As ski season nears, we take a look at ski resort employee housing, including Copper Mountain’s new project
Editor’s note: This story has been updated to correct the number of units at Copper Mountain Resort’s Edge and Sky Chutes Landing employee housing.
FRISCO — Employee housing is the key that makes it financially possible to be a seasonal ski resort employee, an important workforce segment in Summit County.
Although entry-level employees at the four Summit County ski resorts — Arapahoe Basin Ski Area, Breckenridge Ski Resort, Copper Mountain Resort and Keystone Resort — are paid above the state minimum wage, the cost of living in Summit County is about 25% higher than the state average.
Each of the Summit County ski resorts offers employee housing in some form, but Breckenridge, Keystone and Copper all must offer housing to a specific percentage or number of employees in compliance with their planned unit development requirements.
Keystone, for example, is required to provide housing to 40% of its seasonal and full-time employees. Since Breckenridge and Keystone are owned by Vail Resorts and are only 16 miles apart, they share 1,800 employee housing beds in Summit County.
Vail Resorts would not release the price of its housing units or the number of employees at each resort, only saying the total number of Vail Resorts employees is 40,000.
At Copper Mountain, the resort offers employee housing in dormitory-style apartments as well as deed-restricted units. The resort’s main employee housing facility, Edge, costs $337 per month in rent for a double-occupancy room and is within walking distance to Copper Mountain.
Requiring employees to bunk up, Edge is more appealing to younger, seasonal workers.
In addition to the 582 beds in dormitory-style rooms, Copper also provides 111 deed-restricted condos and 15 deed-restricted townhomes. Its latest employee housing project, Sky Chutes Landing, is under construction and will provide next year’s seasonal employees with 44 additional units, including a mix of studios and one-, two- and three-bedroom apartments. At peak season, Copper has about 1,500 employees, about 1,100 of which are seasonal.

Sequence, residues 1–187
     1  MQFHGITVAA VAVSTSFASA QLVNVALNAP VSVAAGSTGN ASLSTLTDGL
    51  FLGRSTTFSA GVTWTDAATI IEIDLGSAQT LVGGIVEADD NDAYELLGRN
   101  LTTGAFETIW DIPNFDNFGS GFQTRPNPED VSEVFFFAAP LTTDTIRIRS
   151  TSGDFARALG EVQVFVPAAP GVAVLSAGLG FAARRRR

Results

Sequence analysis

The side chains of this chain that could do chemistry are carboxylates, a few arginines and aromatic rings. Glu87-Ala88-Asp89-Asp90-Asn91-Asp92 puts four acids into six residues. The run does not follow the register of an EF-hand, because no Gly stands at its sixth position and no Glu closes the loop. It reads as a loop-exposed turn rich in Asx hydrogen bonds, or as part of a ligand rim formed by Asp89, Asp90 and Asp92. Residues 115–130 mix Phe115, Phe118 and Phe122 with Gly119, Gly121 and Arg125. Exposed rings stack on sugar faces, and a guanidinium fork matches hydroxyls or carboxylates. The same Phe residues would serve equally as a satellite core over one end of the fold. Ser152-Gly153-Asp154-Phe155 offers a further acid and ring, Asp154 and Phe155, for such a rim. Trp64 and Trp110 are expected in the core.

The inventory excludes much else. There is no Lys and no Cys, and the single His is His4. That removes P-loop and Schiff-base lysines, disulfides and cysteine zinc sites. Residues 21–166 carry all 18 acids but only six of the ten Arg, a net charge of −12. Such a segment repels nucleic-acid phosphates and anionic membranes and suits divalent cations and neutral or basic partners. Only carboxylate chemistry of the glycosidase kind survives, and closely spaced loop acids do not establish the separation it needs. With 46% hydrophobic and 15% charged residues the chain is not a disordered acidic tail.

Even after its new housing project comes online, a deficit in available housing remains, though many employees live in private rentals or deed-restricted housing under the covenants of the county or individual towns.
A-Basin did not release the number of beds its provides or the number of people it employs. Its website says it offers “several housing options for first-year employees and resources for returning employees looking for a place to live in Summit and the surrounding counties.”
A-Basin stated clearly on its website that employee housing is limited and distributed on a first-come, first-served basis.
For those A-Basin workers who do secure employee housing, prices were listed at $460 to $560 per month, depending on whether the room was shared.
With entry-level employees making $12.25 per hour at three of Summit County’s resorts, an employee working 40 hours per week — something that is not guaranteed — would make about $2,123 per month before taxes.
At Copper Mountain, rent at Edge would amount to about 16% of an entry-level employee’s income. At A-Basin, rent would be closer to 22% at its most affordable housing units, assuming a similar entry-level pay rate.
The federal government recommends spending no more than 30% of monthly gross income on housing.
Employees who are hoping to find housing on their own often turn to the Summit Combined Housing Authority. Executive director Amy Priegel said the organization directs ski resort employees to large apartment complexes, connects them with local property managers and refers them to the Housing Works Initiative at the Family and Intercultural Resource Center.
“We try to give them as wide of a net as possible, but a lot end up coming back saying they found housing on their own through Facebook posts and Craigslist,” Priegel said.
While free-market housing prices are rarely within the recommended 30% range, Priegel said employees who have secured housing are “just happy to find a place to stay and live up here for the lifestyle.”
The county and individual towns continue to work toward expanding employee and deed-restricted housing options while the Housing Authority has been working on a countywide assessment of housing, with one forum focused specifically on the seasonal workforce.
Priegel said timing is the biggest issue as a large influx of seasonal workers comes and goes in unison.
The bottom line, Priegel said, is that “it’s tough.”
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